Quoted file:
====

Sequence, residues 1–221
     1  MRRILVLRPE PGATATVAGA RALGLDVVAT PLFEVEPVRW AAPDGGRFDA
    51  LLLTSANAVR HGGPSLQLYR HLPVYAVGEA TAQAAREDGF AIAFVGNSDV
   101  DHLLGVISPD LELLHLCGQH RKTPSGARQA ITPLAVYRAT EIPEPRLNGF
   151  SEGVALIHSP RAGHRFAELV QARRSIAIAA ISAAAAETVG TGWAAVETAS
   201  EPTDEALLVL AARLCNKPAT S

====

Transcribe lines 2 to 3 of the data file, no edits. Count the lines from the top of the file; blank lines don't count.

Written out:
     1  MRRILVLRPE PGATATVAGA RALGLDVVAT PLFEVEPVRW AAPDGGRFDA
    51  LLLTSANAVR HGGPSLQLYR HLPVYAVGEA TAQAAREDGF AIAFVGNSDV